Previous Section  < Day Day Up >  Next Section

3.3 Command-Line Options

Before we go into Snort's basic operational modes, let's first look at a breakdown of the command-line options. This chapter covers each item listed here, but some are not frequently used or may only be used in conjunction with other variables. Some of the options can be specified in the config file instead of at the command line. If you are just trying something out, specify the setting at the command line. If you are planning on keeping the setting for a while, set it in the config file.

-A alert-mode

Generates an alert using one of the specified alert-modes: fast, full, none, and unsock. Rather than specifying the alert mode within a configuration file, you can include it here at the command line.


Logs packets in tcpdump format (i.e., libpcap). Files in tcpdump format are smaller, so this is the best method of recording large amounts of logged data and packets. It is very fast and may be a good option on high-traffic networks.

-B address-conversion-mask

Scrambles the networks specified in the -h (or HOME_NET) setting. This helps hide the real internal network addresses inside binary logs.

-c config-file

Allows you to specify which configuration file you want to use. If you have different configurations with various rules enabled, you can specify which configuration to use at the command line. This option is required when Snort is run in NIDS mode.


Prints the character data found in the packet payload, rather than displaying it in hexadecimal format. Reading this information is easier than wrestling with Hex output.


Displays the application layer data when in verbose or packet logging mode.


Runs Snort in daemon mode. Alerts are dumped to the alert file in the logging directory (/var/log/snort by default). Daemon mode is useful if you wish to automate the startup of Snort in the event of a reboot. Passing this option to Snort in a command script starts Snort in the background. No error messages are printed to the console in this mode. Do not use this mode unless you are already familiar with Snort and have a working, viable configuration. (Use the -T option, discussed below, to test your configuration before using daemon mode.)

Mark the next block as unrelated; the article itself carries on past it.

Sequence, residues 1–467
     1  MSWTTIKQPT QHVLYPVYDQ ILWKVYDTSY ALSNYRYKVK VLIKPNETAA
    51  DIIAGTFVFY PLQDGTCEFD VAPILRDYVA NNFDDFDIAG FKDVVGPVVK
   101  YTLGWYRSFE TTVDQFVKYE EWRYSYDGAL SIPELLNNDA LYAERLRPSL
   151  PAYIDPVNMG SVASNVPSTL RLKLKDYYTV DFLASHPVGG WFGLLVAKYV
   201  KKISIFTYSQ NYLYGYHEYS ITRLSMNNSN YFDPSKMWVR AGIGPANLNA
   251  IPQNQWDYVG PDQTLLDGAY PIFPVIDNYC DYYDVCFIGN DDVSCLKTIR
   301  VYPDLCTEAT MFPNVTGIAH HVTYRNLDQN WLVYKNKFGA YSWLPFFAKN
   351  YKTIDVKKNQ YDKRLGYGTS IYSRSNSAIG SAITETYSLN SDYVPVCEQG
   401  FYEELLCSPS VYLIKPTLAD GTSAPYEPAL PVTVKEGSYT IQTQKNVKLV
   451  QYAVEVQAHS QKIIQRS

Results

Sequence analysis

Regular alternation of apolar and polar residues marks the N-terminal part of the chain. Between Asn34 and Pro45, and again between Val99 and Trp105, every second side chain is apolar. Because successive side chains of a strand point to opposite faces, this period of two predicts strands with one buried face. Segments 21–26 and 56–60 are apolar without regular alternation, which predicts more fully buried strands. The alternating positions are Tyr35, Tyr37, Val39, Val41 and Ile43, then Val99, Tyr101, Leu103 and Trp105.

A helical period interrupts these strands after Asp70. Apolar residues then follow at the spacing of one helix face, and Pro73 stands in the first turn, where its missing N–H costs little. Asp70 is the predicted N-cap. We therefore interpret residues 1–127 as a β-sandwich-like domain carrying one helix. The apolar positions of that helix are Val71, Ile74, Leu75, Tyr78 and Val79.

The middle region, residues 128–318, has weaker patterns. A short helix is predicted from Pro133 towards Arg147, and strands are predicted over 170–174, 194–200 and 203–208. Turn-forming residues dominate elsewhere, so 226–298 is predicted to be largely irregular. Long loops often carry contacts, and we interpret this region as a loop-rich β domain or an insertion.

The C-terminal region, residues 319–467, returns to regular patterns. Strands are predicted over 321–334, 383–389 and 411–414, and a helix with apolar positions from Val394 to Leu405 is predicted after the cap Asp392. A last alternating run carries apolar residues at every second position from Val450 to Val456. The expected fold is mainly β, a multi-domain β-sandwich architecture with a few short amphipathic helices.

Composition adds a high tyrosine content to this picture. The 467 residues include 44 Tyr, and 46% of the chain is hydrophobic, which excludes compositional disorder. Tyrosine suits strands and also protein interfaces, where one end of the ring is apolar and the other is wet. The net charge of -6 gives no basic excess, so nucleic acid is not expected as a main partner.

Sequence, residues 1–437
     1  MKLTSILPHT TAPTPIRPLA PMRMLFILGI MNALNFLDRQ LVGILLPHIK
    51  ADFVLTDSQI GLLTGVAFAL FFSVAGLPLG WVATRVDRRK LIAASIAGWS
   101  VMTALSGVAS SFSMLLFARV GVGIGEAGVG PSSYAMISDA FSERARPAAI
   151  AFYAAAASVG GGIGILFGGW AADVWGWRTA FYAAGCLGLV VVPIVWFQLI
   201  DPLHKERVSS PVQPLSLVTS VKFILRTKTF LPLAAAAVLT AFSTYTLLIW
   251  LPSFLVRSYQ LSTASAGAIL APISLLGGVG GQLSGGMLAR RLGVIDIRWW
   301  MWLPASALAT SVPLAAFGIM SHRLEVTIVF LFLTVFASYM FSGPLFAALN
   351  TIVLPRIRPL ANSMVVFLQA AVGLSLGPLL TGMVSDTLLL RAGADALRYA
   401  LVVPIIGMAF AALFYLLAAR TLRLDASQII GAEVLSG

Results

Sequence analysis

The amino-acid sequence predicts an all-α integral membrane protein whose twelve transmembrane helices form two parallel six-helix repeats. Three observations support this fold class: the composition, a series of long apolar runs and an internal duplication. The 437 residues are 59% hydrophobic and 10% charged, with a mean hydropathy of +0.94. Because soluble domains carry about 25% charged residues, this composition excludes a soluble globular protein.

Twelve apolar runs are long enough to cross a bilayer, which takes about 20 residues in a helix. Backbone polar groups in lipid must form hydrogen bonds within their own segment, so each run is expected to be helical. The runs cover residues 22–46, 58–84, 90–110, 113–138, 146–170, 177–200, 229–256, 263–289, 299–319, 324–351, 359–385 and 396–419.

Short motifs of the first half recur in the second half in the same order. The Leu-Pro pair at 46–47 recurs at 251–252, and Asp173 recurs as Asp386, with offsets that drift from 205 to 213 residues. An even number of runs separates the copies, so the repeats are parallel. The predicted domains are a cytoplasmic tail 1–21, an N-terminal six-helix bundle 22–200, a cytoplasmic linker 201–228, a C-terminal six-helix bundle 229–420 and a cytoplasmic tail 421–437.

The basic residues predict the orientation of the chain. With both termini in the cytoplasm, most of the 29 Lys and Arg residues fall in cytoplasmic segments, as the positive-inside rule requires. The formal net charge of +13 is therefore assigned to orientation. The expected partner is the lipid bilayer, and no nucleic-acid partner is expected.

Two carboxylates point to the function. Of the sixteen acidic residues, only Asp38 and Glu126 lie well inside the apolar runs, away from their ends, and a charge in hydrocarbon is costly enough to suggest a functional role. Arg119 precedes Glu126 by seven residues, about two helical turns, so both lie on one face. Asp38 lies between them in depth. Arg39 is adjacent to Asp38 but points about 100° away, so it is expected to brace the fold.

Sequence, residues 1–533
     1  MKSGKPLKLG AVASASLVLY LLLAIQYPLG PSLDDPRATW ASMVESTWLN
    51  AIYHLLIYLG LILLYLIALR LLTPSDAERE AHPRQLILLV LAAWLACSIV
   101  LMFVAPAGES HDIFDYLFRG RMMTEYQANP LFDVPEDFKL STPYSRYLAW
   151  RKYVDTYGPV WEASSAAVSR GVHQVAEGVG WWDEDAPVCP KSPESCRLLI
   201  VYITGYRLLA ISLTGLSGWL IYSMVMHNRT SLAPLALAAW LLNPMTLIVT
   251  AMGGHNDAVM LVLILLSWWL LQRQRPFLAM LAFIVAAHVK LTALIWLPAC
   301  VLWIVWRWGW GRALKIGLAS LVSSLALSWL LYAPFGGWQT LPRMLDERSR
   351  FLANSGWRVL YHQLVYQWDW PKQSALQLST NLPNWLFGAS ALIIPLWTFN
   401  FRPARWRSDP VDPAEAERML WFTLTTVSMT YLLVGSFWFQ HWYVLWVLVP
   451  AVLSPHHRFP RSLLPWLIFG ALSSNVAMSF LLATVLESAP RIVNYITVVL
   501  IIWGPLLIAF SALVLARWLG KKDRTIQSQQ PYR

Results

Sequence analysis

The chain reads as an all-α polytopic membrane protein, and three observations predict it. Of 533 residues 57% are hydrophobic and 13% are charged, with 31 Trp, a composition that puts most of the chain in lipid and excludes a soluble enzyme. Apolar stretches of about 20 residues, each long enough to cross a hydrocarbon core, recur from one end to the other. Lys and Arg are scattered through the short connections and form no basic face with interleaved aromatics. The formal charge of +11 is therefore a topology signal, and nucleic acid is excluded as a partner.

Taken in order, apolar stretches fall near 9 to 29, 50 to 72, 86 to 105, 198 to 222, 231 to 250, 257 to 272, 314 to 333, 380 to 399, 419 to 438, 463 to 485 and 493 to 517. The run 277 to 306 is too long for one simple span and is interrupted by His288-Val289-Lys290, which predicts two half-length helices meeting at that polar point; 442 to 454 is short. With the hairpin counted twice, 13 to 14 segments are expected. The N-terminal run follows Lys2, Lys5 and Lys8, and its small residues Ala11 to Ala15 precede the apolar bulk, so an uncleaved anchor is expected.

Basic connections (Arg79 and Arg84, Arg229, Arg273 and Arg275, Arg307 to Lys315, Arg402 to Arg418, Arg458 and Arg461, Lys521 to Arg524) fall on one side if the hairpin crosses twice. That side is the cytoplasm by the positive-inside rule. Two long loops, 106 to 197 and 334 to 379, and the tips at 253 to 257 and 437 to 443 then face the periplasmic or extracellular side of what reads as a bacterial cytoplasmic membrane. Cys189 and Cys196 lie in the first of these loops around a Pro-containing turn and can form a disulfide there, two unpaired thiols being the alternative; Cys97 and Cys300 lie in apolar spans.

Displays or logs the link layer packet headers. This is the more verbose method of viewing captured packets when running Snort in sniffing mode.

-F bpf-file

Reads Berkeley Packet Filters (BPF) from a bpf file. These filters are useful when running Snort as a SHADOW replacement or when performing an analysis via a command-line filter. This filter is commonly used to tune out noise or random alerts. (It is not commonly used.) You could use a BPF filter to tell one system to watch only web traffic and another to watch everything else.

-g group

Changes the default group ID or GID under which Snort runs after initialization. This is helpful if you want to run Snort in a special group for security reasons.

-h home-net

Sets the "home network" to a specific address in CIDR format. With this variable set, all decoded packet logging is done relative to the home network address space. This option is equivalent to setting the HOME_NET variable in the configuration file.

-i interface